in British, is Cen in Gaelic; and we can roughly tell where the population was British by noticing the place names, such as those beginning with Pen. When these were Gaels, the same headlands would begin with Cen.
"By Tre, Pol, and Pen
You know the names of Cornishmen,"
and this at once decides that the inhabitants of the western peninsula were not Gaels.
From the lakes of Switzerland the Britons had brought with them their great aptitude for wattlework. They built their houses and halls, not of stone, but of woven withies. Cæsar says that they were wont to erect enormous basket-work figures, fill them with human victims, and burn the whole as sacrifices to their gods. It is a curious coincidence that on some of the old Celtic crosses are found carved imitations of men made of wicker-work. These represent saints made of the same material and in the same manner by the same people, after they had embraced Christianity and abandoned human sacrifices.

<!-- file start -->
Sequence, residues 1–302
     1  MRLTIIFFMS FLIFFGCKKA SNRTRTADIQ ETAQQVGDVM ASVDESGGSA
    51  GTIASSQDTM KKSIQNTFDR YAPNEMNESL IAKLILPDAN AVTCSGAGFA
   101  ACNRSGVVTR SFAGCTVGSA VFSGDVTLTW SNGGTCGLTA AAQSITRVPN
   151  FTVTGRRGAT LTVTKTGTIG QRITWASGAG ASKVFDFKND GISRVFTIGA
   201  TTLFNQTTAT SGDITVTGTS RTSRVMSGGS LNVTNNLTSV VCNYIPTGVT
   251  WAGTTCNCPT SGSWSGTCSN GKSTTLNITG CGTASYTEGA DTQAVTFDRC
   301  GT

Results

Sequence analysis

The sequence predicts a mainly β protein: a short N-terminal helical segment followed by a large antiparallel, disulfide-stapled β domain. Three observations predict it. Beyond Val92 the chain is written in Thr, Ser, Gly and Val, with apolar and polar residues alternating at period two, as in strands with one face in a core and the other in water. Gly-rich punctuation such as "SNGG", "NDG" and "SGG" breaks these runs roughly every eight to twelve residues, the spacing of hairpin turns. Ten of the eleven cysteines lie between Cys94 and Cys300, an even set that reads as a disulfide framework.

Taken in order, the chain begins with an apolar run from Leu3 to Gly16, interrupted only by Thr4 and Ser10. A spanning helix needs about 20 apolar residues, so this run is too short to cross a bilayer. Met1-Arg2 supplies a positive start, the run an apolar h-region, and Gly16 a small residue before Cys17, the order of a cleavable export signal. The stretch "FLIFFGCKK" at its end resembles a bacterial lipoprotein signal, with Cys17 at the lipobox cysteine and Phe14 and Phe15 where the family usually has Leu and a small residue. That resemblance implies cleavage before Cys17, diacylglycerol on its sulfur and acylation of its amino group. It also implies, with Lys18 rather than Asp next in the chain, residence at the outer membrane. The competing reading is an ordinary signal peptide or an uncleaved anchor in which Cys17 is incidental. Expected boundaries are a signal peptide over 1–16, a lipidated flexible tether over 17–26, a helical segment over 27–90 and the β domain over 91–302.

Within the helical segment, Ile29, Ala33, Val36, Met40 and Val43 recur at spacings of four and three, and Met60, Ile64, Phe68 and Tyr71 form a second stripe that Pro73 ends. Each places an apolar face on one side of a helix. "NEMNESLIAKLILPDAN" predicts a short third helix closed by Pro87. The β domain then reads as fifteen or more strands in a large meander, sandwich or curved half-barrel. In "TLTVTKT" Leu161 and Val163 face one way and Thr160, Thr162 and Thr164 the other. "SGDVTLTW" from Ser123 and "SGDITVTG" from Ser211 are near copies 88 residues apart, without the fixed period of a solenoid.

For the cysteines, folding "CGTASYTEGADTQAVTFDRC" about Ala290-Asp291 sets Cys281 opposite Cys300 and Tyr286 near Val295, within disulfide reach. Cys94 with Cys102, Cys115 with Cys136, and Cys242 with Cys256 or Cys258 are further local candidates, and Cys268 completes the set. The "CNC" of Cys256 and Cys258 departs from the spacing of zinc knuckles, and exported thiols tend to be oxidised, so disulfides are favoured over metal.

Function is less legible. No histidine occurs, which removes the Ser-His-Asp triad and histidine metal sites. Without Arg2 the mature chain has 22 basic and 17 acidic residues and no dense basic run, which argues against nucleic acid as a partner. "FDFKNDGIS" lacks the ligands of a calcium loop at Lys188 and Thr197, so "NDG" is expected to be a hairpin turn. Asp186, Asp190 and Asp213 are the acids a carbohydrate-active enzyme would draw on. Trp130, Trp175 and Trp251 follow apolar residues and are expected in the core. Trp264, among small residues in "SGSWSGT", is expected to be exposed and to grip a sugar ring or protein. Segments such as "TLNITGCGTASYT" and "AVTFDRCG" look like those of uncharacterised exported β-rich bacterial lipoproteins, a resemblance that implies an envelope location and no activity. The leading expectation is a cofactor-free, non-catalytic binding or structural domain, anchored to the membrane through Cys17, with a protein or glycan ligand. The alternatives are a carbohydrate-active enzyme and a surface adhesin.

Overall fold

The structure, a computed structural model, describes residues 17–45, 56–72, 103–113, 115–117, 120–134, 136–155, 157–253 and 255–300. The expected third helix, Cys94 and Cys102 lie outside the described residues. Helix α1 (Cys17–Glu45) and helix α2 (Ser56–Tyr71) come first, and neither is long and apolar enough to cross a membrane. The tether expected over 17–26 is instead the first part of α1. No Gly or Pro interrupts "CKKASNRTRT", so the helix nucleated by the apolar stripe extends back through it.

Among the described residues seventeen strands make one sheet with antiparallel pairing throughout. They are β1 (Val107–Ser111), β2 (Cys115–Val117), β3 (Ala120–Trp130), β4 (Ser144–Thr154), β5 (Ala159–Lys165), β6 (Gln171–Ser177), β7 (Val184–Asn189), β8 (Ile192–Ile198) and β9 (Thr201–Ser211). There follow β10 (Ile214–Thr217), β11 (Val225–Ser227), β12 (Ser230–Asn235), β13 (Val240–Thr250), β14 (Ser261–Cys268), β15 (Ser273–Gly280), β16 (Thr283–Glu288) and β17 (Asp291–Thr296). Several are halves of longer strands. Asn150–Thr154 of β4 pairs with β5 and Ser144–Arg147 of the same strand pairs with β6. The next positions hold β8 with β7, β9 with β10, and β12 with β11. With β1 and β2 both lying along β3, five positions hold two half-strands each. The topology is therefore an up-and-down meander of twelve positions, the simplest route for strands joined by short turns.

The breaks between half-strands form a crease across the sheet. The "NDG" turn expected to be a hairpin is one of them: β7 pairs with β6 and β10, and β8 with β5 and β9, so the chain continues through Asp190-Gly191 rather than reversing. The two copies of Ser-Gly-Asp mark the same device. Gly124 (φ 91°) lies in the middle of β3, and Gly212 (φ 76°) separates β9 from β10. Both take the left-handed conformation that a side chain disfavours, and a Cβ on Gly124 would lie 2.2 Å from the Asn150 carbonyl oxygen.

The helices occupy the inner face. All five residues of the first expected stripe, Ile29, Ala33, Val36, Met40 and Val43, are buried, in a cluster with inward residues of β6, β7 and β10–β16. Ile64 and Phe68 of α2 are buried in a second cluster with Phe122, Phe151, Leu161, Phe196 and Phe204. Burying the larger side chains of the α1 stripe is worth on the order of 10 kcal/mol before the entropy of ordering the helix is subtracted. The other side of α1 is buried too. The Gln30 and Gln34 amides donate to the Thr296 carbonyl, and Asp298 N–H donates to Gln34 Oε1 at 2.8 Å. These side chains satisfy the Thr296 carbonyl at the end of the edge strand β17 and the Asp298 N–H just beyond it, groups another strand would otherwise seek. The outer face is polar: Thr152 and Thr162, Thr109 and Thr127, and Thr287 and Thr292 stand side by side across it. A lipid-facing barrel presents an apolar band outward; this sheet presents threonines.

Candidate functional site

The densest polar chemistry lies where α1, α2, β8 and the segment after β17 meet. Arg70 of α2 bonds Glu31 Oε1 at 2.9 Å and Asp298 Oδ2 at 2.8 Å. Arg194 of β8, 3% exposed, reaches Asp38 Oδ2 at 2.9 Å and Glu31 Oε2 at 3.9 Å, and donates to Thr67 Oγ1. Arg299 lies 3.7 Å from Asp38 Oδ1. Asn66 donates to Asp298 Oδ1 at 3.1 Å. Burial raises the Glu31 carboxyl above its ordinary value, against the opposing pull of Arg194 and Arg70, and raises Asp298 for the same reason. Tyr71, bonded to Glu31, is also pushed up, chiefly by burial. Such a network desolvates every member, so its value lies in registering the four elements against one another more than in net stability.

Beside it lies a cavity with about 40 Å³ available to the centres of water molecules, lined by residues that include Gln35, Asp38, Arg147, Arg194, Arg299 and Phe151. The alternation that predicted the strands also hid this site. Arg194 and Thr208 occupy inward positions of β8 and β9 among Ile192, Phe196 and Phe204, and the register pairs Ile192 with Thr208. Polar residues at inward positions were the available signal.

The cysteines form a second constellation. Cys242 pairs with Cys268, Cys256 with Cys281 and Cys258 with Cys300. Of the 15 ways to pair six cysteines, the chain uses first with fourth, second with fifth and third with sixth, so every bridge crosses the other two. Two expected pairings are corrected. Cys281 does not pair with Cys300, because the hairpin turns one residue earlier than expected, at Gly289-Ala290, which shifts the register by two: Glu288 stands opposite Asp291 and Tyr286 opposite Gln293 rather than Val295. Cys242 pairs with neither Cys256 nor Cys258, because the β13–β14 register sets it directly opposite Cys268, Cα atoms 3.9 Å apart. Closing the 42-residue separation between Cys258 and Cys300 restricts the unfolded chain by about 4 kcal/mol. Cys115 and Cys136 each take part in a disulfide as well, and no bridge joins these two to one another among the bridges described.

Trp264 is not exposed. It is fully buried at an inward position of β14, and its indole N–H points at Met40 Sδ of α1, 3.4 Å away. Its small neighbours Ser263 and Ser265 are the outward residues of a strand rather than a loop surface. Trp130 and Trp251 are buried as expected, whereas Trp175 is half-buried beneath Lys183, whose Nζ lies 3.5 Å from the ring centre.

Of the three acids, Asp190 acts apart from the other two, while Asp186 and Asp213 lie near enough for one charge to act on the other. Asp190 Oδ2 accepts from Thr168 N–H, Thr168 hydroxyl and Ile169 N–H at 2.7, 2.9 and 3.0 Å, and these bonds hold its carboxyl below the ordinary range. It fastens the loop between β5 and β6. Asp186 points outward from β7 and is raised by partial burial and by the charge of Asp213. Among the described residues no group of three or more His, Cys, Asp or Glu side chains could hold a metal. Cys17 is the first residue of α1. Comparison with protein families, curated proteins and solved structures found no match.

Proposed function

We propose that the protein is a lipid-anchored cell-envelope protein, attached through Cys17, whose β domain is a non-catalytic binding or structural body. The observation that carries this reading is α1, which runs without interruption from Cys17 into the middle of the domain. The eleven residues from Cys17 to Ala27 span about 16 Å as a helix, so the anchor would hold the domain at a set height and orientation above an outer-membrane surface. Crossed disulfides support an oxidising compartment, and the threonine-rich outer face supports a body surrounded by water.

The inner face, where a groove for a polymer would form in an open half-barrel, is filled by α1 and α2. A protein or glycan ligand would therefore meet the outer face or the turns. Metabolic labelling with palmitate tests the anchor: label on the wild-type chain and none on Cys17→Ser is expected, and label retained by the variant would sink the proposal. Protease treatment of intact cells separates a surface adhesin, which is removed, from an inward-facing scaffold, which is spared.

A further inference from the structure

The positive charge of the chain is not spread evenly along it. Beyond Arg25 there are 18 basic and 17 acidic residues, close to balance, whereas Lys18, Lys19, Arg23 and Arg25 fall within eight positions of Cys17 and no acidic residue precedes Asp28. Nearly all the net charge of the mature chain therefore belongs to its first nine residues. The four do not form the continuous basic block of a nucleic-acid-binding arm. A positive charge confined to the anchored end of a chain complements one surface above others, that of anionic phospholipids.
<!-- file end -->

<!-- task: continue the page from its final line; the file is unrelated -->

Let us try to imagine what was the mode of life of those people who raised their monuments on Dartmoor. They were pastoral, but they also certainly had some knowledge of tillage. In certain lights, hillsides on the moor show indications of having been cultivated in ridges, and this not with the plough, but with the spade. We cannot say
- Archieologia, vol. 1. Pl. 2 (1887).